by Esteban Walters Last night from the Turning Stone Casino in Verona, New York, 31-year-old upset specialist Brian Vera (22-6, 13KOs), of Austin, Texas, beat 36-year-old southpaw and former WBO light middleweight champ Sergiy Dzinziruk (37-2-1, 24KOs), of Hamburg, Germany by way of Ukraine, by 10th round TKO, in an entertaining 12-round middleweight main event on ESPN2’s “Friday Night Fights.”
Vera, who has a raw, brawling style, lots of determination, and a big heart, has become known for upsetting the apple-cart. In 2008 Vera knocked off the Andy Lee by TKO-7, and twice foiled Sergio Mora, once in 2011, and again in 2012.
After a sub-par performance in his last outing against Jonathan Gonzalez that ended in a split draw, Dzinziruk needed an impressive performance in his third straight fight on U.S. television. Sergiy aggressively pursued his entry into living rooms the country over and if he wanted to stay there, Vera had to go.
Vera began the fight hot as a bottle-rocket in July, scoring two knockdowns in the opening frame. The first knock down was a slip and missed call by referee Benjy Esteves, but Vera’s right hand-left hook combination that resulted in the second knock down had Dzinziruk seriously hurt, though he survived to the bell.
“I think it’s just me being awkward,” said Vera concerning his right-hand bombs. “We’ve been working on sparring with [junior middleweight Erislandy] Lara and working on head movements coming off the right hand. We worked on our balance, and I was able to throw from different angles tonight.”
Vera couldn’t miss with his looping right hand and had Sergiy’s head on a swivel. Time and time again Vera whipped-back Dzinziruk’s dome with said punch and hurt the Ukrainian several times throughout the bout. Vera also landed left hooks to the head and body of Sergiy, who was uncharacteristically aggressive in his approach, possibly underestimating Brian.
Vera battered Dzinziruk with overhand-right’s through the first half of the fight, but the Ukrainian — who displayed plenty of mettle in surviving Vera’s onslaught — came on strong in the middle rounds, counter-punching the tiring Mexican-American and landing hard straight-lefts, some of which stunned Vera and got his attention.
“I was getting lazy and I started disrespecting his power too much,” said Vera. “I think he started getting a little more confident, and then I used that to be able to catch him later on with more right hands.”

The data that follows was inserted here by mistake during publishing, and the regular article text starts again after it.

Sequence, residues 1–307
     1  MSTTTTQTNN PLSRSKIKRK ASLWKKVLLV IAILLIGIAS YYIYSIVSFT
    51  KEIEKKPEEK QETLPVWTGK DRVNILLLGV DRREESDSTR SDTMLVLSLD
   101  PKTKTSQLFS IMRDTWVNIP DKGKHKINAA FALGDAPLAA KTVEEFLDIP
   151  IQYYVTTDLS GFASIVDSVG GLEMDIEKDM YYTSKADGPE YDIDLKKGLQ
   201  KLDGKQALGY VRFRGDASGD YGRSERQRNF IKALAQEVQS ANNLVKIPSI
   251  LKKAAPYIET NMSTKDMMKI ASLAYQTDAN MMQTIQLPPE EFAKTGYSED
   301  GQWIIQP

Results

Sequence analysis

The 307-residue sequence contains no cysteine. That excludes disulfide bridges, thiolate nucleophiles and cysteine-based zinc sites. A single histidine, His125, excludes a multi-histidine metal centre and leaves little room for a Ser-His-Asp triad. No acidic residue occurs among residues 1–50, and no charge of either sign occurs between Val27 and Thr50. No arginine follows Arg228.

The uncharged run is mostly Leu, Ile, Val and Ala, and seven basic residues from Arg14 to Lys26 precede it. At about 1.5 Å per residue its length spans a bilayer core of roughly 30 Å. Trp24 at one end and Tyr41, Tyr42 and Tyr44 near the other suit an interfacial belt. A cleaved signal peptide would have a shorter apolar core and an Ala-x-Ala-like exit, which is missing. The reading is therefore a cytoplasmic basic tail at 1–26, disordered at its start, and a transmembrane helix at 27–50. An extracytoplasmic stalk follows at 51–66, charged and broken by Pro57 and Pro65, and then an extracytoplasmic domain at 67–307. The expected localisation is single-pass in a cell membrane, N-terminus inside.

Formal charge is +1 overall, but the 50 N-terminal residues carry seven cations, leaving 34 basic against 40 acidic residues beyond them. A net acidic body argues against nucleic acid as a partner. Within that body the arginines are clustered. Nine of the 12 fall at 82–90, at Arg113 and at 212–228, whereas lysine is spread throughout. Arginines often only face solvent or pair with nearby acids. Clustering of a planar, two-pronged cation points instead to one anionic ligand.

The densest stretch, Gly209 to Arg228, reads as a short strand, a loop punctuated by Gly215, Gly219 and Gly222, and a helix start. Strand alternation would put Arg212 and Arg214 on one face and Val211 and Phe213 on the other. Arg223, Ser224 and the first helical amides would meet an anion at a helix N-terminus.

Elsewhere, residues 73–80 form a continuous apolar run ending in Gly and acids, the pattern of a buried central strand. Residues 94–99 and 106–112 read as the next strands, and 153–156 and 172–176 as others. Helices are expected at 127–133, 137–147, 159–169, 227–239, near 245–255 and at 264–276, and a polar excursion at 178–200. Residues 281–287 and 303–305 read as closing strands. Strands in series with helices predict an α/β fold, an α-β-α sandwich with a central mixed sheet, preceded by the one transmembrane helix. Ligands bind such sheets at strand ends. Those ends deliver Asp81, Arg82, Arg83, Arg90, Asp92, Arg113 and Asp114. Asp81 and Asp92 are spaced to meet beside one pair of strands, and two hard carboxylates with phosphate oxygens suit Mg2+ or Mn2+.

At the outset of the 8th round Vera pinned Dzinziruk in the corner and unleashed hell on him with savage rights and lefts, that had Benjy Esteves considering stopping the fight. But Vera tired, stepping off the gas and allowing Sergiy to land several damaging jabs that swelled and cut Vera over the left eye.
In the 10th round Vera put the fight to bed by once again cornering Sergiy, and re-opening the gates of hell with rights and lefts to the head and body until the Ukrainian took a knee. Sergiy made it back to his feet, but the referee didn’t feel he was fit to continue and waved off the action at 1:50 of the 10th round.
Vera almost put a fine performance in jeopardy when he clearly tried to hit Dzinziruk with an illegal blow as Sergiy sat on the canvas. Brian was lucky the punch didn’t land, as he probably would have been disqualified if it did.
Dzinziruk’s hopes of another world title shot were dashed in defeat, the second of his career, and both by knockout, as WBC middleweight champion Sergio Martinez ran over him on the way to a TKO-8 in 2011.
With the victory Vera improved his record to 22-6 with 13 knockouts. Vera agreed that this was his finest career feat, and the impressive win could position the tough Texan for a world title shot in 2013.
“This is the best of them all because it’s late in my career,” analyzed Vera. “It’s time for me to do something. If I would’ve lost that fight, that would’ve been the end for me. I’m trying to get a championship fight and be up there and be known.”